Protesters say bill would allow discrimination against gays, lesbians

? About 70 people on Thursday protested legislation that they said would allow people to cite religious beliefs to discriminate against gays and lesbians.

“It’s legislative abuse, it’s legislative bullying, it’s legislative dictatorship and it should not be permitted,” said civil rights attorney Pedro Irigonegaray.

C.J. Brune of Lawrence protested at the Capitol on Thursday against a bill that she said would allow discrimination against gays and lesbians.

Senate Bill 142 is called the Kansas Preservation of Religious Freedom Act. Supporters say it is needed to prevent government from forcing a person to violate their religious beliefs. It was approved last month by the House on a 91-33 vote and is pending before the Senate.

Opponents of the bill say it will invite discrimination and invalidate a Lawrence anti-discrimination ordinance that includes sexual orientation.

“The city of Lawrence stands as a shining example that we can do better,” Irigonegaray said.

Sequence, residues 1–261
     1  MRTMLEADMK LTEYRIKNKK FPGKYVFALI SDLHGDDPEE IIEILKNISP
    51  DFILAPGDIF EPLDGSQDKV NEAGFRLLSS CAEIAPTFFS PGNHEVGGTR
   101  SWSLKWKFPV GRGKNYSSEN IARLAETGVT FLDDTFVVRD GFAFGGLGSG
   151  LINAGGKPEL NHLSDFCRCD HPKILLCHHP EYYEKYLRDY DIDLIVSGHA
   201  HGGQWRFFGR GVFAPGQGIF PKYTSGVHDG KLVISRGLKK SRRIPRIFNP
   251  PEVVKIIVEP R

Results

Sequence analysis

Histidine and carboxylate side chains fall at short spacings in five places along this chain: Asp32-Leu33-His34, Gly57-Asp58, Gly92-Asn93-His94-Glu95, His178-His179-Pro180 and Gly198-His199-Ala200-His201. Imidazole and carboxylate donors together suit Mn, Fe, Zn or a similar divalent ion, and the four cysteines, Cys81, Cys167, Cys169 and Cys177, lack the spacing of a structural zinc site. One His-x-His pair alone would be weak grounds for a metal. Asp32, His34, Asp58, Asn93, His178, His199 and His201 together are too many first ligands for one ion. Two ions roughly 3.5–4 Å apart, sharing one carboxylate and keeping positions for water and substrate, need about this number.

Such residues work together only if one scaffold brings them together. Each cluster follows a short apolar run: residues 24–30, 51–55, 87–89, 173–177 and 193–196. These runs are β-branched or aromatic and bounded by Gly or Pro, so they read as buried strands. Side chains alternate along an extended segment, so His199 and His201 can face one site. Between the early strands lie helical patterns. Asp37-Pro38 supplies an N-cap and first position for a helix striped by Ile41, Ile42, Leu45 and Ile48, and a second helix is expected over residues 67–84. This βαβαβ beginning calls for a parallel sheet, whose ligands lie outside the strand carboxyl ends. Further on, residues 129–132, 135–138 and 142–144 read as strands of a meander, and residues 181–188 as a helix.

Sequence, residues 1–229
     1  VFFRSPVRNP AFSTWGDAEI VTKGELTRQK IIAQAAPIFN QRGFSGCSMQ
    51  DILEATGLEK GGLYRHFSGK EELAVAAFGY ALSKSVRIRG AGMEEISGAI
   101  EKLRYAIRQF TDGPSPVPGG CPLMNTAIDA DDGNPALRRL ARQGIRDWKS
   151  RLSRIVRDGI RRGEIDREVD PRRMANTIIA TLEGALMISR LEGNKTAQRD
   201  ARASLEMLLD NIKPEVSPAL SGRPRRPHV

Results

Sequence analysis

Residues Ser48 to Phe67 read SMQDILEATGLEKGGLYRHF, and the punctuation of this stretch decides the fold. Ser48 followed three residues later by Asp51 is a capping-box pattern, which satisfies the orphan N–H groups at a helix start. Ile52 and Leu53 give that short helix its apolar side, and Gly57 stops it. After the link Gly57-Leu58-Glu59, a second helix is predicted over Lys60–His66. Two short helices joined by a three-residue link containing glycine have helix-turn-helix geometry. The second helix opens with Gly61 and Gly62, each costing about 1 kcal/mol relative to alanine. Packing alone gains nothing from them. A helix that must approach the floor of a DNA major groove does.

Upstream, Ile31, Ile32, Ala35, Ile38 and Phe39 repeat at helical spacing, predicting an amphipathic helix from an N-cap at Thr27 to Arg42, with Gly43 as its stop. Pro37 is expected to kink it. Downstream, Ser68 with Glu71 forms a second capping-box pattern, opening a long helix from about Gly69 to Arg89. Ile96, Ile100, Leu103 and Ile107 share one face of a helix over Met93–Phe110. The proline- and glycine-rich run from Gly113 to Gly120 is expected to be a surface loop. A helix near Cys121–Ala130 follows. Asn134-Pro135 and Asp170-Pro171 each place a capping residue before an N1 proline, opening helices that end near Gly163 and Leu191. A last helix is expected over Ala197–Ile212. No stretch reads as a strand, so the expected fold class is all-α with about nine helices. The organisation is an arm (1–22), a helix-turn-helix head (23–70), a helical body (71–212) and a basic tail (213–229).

The rally was put together by the Kansas Equality Coalition. Thomas Witt, executive director of the coalition, urged those at the rally to get involved in the August primaries to help candidates who oppose such proposals.

C.J. Brune of Lawrence attended the rally, and said, “I can’t imagine living in a worse world where someone’s religion would impact my rights.”

Taylor Harris of Hutchinson said, “They’re trying to make it legal to discriminate.”

Holly Weatherford, with the ACLU of Kansas and Western Missouri, said, “We cannot allow the use of religion to discriminate and call it religious freedom. We must push back.”

The bill would prohibit state and local governments from substantially burdening a person’s religious beliefs unless the government can prove that the burden is advancing a compelling government interest and is the least restrictive way of advancing that interest.

The measure is supported by Gov. Sam Brownback’s administration, the Kansas Catholic Conference and Concerned Women for America of Kansas. It was opposed by Lawrence officials, the Kansas Equality Coalition and the state chapter of the National Organization for Women.